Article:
What is hypertension?
Table: Levels of Severe Hypertension (95th Percentile) for Boys and Girls
What causes hypertension?
How is secondary hypertension diagnosed?
How is childhood hypertension treated?
What is the goal of hypertension treatment?
Albert P. Rocchini, M.D.
Professor of Pediatrics
University of Michigan
An elevated blood pressure level in a child is defined as a blood pressure that
is above the 90th percentile for age and sex. Although the finding of
an elevated blood pressure on physical examination constitutes an abnormal sign,
it does not mean that hypertension (i.e., sustained blood pressure elevation) is
persistent. Most pediatricians recommend that for a child to be diagnosed with hypertension
the blood pressure must be abnormal (above the 95th percentile rank of
age and sex) on at least 3 separate examinations over a 6- to 12-month interval
(see table). The only exception is if at the time of the initial examination the
child has signs and/or symptoms commonly found with severe hypertension (e.g., heart
muscle enlargement, headache, dizziness, seizures, eye and vision damage).
Once a child is diagnosed with hypertension, its cause must be determined. The two
major types of hypertension are as follows:
A thorough history and physical examination is essential in evaluating a child with
In the history, the following significant points should be addressed:
The physical examination should include the following:
The only routine laboratory tests that should be performed are as follows: urine
dipstick, blood electrolytes, blood urea nitrogen, and creatinine. Other laboratory
tests should be ordered based on both the history and the physical examination.
All children with significant, sustained hypertension should be treated. The treatment
of hypertension is divided into two major categories: hypertensive crisis and chronic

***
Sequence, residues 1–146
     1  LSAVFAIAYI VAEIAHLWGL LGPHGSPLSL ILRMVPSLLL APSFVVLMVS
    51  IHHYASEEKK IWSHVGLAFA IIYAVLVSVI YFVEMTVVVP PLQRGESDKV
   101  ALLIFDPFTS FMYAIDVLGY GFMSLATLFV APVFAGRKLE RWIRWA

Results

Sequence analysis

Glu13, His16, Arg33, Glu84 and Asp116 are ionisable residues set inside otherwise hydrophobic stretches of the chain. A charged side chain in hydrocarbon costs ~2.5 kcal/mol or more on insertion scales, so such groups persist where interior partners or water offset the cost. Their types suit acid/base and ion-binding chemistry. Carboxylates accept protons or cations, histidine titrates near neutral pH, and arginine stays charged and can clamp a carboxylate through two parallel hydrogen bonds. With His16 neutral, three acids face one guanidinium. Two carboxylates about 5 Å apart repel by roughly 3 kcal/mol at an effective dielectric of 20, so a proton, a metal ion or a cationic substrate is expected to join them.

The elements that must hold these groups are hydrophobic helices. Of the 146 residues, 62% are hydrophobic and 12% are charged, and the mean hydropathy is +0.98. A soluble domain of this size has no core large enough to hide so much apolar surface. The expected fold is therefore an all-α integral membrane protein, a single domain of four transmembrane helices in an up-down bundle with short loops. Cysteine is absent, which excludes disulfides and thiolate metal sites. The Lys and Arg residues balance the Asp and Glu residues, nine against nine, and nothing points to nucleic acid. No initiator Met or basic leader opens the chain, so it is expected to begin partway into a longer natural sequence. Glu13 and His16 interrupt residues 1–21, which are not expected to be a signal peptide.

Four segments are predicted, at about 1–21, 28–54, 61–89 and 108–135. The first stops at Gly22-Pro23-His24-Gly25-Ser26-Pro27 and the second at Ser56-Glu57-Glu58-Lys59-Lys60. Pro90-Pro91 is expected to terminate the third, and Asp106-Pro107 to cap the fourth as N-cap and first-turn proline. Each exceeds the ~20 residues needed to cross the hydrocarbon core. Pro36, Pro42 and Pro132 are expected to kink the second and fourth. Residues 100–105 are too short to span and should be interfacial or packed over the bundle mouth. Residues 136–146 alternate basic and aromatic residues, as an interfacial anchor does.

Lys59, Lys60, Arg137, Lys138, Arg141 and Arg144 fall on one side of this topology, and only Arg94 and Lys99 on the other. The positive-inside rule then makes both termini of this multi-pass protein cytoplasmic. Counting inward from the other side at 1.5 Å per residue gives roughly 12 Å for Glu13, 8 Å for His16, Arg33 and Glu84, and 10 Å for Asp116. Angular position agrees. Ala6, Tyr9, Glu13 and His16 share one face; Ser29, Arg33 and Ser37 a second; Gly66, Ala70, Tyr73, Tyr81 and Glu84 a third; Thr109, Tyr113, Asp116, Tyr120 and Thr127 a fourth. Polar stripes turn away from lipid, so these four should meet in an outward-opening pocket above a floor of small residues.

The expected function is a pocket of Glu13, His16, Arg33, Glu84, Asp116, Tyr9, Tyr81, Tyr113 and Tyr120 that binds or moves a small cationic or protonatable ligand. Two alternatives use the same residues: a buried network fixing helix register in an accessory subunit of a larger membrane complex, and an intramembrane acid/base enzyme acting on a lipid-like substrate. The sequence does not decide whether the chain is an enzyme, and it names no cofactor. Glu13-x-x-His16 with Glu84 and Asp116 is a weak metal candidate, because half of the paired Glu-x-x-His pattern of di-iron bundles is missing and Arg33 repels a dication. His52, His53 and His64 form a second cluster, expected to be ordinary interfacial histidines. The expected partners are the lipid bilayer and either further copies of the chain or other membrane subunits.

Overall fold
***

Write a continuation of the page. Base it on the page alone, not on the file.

Until recently, diuretics and beta-blockers were the most commonly used drugs to
treat childhood hypertension. However, most pediatricians are now reluctant to use
them because of evidence suggesting that these agents may adversely affect plasma
lipids and insulin sensitivity. Beta-blockers also can cause depression and impair
Other antihypertensive agents used to treat refractory hypertension include centrally-acting
drugs (e.g., Clonidine, Guanabenz), alpha-blockers, and vasodilators (e.g., hydralazine,
The goal of therapy is to keep the child's blood pressure below the 90th
percentile for age and sex. Parents must be taught not only to monitor their child's
blood pressure at home, but also to monitor for signs of medication-induced side
Successful therapy should not interfere with the child's academic performance, involvement
in sports, or interest in social activities. Participation in team sports should
be encouraged unless there is clear evidence of heart dysfunction.
Once the child's blood pressure is under good control, the child should be evaluated
(at least) on an annual basis to assess cardiac status, physical growth and development,
and sexual maturation patterns.
Report of the Second Task Force on Blood Pressure Control in Children. Pediatrics
Sinaiko AR. Pharmacologic management of childhood hypertension. Pediatr Clin North
Falkner B. Management of hypertensive children and adolescents. In: Izzo JL, Black
HR, eds. Hypertension primer: the essentials of high blood pressure. 2nd
ed. American Heart Association, 1999:424.
About the Author
Dr. Rocchini received both his bachelor of science degree in chemical engineering
and his medical degree from the University of Pittsburgh. He completed his pediatric
residency at the University of Minnesota and his pediatric cardiology fellowship
at the Children's Hospital of Boston. Dr. Rocchini is currently a professor of pediatrics
and serves as director of pediatric cardiology at the University of Michigan. His
research interests include interventional cardiac catheterization and obesity-induced
Copyright 2012 Albert P. Rocchini, M.D., All Rights Reserved
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